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Localizing the SDGs

With only eight years left for the achievement of the commitments set by the 2030 Agenda for Sustainable Development and just under 15 years for the commitments of the New Urban Agenda, local action has never been so central to achieving global goals. Local and regional governments are increasingly acknowledged as peers in a process in which global goals, national resources, and local implementation are expected to work seamlessly together.
date June 29, 2022 | 14:30 - 16:30
Special Session Room 2
Polish, Spanish, English, French, Russian, Chinese, Arabic + ISL [Polish + English]


All the SDGs have targets which are directly or indirectly related to the daily work of local and regional governments and local stakeholders. While the SDGs are global in their ambition, their achievement will depend on local action and local leadership.

SDG localization is the process of transforming the SDGs into reality at the local level, in line with national frameworks and with communities’ priorities. To be successful, localization needs to be anchored in the principles of inclusion, partnership and multilevel governance, and to build on adequate data and financing availability at the local level.
This session aims to create an engaging debate with a wide array of stakeholders from different spheres of government and sectors. It is an opportunity to present and discuss the main global initiatives on SDG localization supported by the United Nations system and by UN-Habitat.

In the past two years, the COVID-19 pandemic has exacerbated poverty and deepened existing inequalities, rolling back years of progress on the SDGs. Yet, the health emergency highlighted the critical front-line role of local governments in responding to emergencies, and in driving the sustainable recovery process in line with the SDGs and the NUA. 

The profound impact of Covid-19 has put forward that the path toward equitable urban futures will require a shift towards a wider sense of empathy and recognition of the interconnectedness of our communities and societies and a shared sense of solidarity. Against this context, the notion of caring cities becomes paramount, urging to cement new urban models in which people are at the heart of decision-making. 

When responding to complex emergencies in a sustainable manner, local, national and international institutions need to come together to coordinate plans, policies, initiatives and resources. The SDGs act as the universal language that propels effective collaboration and cooperation across all scales to drive collective action.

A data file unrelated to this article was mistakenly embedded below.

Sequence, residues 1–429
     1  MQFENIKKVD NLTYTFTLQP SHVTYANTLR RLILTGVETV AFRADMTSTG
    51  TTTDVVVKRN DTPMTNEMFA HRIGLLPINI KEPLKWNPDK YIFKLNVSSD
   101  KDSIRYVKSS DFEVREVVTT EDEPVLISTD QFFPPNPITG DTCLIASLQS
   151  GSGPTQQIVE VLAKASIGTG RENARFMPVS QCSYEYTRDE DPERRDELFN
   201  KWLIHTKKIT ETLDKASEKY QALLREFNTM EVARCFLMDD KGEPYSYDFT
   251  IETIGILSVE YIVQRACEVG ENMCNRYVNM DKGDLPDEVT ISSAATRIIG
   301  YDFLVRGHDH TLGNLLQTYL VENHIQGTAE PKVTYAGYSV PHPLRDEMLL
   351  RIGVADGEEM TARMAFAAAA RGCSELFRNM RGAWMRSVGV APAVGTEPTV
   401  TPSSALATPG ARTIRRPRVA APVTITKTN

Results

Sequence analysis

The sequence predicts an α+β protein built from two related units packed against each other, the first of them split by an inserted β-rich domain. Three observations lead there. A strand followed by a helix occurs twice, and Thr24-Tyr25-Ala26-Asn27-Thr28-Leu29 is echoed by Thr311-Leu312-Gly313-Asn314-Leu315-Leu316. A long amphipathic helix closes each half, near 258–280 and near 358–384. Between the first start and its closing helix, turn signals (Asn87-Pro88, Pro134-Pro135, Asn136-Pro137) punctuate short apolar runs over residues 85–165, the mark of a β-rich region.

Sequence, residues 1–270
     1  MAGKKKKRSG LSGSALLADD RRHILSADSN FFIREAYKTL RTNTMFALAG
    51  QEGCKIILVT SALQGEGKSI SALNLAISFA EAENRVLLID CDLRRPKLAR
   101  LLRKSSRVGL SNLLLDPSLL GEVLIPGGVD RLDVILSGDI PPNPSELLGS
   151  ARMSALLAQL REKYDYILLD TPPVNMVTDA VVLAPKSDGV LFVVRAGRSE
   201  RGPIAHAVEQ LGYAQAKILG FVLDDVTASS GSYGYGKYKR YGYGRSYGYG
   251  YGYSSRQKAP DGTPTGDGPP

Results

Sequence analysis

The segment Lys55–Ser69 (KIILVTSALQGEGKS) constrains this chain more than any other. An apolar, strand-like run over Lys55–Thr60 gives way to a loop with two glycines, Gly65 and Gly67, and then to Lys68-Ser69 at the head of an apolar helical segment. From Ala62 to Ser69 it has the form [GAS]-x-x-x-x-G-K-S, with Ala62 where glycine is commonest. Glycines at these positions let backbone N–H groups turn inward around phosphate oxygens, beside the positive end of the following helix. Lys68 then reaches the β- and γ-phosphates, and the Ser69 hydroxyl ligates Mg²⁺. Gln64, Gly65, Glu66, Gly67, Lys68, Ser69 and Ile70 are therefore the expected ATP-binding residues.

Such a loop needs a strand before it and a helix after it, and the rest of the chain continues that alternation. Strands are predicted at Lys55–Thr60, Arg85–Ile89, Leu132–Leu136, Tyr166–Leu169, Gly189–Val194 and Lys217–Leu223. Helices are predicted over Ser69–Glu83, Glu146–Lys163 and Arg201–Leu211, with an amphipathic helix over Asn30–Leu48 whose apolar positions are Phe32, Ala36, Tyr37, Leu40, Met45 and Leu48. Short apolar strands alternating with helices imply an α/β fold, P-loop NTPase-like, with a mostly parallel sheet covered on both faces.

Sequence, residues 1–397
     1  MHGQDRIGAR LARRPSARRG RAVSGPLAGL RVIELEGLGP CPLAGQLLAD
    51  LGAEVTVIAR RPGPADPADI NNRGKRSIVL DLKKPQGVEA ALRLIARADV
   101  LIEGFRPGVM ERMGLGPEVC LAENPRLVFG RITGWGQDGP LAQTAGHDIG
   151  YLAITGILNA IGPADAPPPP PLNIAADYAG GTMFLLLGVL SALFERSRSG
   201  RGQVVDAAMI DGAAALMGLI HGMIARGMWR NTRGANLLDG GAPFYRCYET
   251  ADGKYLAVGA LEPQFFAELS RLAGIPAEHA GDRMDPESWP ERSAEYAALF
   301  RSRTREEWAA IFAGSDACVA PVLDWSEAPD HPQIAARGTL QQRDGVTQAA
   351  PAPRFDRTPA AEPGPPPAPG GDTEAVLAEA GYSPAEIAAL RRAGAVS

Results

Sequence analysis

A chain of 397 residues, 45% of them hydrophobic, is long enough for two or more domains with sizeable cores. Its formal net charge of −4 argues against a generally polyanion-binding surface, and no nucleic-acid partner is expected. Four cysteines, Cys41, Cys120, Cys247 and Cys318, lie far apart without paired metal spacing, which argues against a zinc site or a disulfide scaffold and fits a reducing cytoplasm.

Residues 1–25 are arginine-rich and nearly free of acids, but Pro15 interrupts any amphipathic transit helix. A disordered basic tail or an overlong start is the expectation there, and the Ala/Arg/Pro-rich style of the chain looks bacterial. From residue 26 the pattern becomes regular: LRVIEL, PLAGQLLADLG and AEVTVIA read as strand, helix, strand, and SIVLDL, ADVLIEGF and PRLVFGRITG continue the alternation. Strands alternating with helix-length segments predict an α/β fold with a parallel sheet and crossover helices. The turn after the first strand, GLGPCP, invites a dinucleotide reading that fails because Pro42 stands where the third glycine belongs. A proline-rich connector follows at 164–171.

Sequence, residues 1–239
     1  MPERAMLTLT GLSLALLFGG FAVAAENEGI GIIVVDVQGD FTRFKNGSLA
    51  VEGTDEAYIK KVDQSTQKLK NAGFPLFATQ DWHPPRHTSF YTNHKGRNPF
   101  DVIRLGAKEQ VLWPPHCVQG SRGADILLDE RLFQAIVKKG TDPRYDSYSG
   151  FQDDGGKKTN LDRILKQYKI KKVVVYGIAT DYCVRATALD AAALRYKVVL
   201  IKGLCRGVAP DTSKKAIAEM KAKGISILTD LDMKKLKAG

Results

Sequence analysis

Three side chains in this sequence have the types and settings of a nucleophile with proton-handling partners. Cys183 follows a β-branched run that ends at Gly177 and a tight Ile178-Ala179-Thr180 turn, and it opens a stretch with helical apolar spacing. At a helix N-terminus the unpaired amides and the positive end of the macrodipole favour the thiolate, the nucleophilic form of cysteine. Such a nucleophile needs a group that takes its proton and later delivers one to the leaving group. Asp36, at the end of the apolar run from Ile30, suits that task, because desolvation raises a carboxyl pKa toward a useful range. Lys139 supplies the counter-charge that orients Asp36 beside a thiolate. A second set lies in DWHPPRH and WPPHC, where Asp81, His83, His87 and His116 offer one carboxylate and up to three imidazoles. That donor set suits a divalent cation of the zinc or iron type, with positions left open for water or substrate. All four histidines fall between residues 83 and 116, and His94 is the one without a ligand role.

UN-Habitat, in line with the principles underscored in the New Urban Agenda, recognizes the value of SDG localization and provides the most complete set of tools to support national and local governments to localize the SDG - from data to planning, to project development and financing - through three main components: 1) the Global Urban Monitoring Framework; 2) Voluntary Local Reviews; 3) SDG Cities Global Initiative.

Sub Title

Transformative partnerships to accelerate achievement of the Global Goals at local level

Guiding Questions for discussions

Why is local action relevant for achieving global sustainable agendas? What are the main opportunities and challenges that local and regional governments face when implementing the SDGs in their territories?
- What possibilities confer UN-Habitat through its three-pronged approach (UMF-VLRs-SDG Cities) to support the implementation of the SDGs at the local level? What recommendations would you suggest to tailor the support to communities’ needs?
- How can cities respond to the underlying challenges of poverty and inequality to ensure that no one is left behind in midst of multiple crises? What role can subnational and city governments play in eradicating poverty and reducing inequalities?
- What policies should be promoted to enhance collaboration and cooperation across all scales of government and societal groups to guide local SDG action?
- How can urban planning create sustainable neighborhoods in cities with strong spatial inequalities and limited resources drawing on lessons from the COVID-19 pandemic?

Concept Note:

Shipra Narang Suri

UN-Habitat | Chief, Urban Practices Branch

Anna-Leena Seppälä

Ministry of Environment and Climate Change, Finland | Chief, Department of the Built Environment

Emilia Sáiz 

United Cities and Local Governments | Secretary-General 

Hon. Johary Anuar
Hon. Johary Anuar

Mayor of Subang Jaya, Malaysia

Patrícia Menezes

Focal Point for Agenda 2030, City of Barcarena, Brazil, and Co-founder, Rede ODS Brasil (SDG Network Brazil)

Knut Hjorth-Johansen

Norwegian Association of Local and Regional Governments | Chief Adviser and Coordinator of European Policy Affairs

Edlam Abera Yemeru

United Nations Economic Commission for Africa | Director Gender, Poverty and Social Policy Division

Hon. Geraldine Lendor-Gabriel

Mayor of City of Castries, Saint Lucia

Paolo Ciccarelli

European Commission, DEVCO | Head of Unit F4 – Sustainable Transport and Urban Development

Christian Hübel

City of Mannheim | Head, Department of Strategic Governance 

Esther Muiruri

Gold Ribbon Initiative, Local2030 Coalition | Founder, Committee Member

Stefan Germann

Fondation Botnar | Chief Executive Officer

Dyfed Aubrey

UN-Habitat | Inter-Regional adviser

Hon. Marco Ricci
Hon. Marco Ricci

Plenipotentiary Minister of Foreign Affairs, Italy

Rafael Tuts

UN-Habitat | Deputy Executive Director (a.i.) and Director, Global Solutions Division, UN-Habitat

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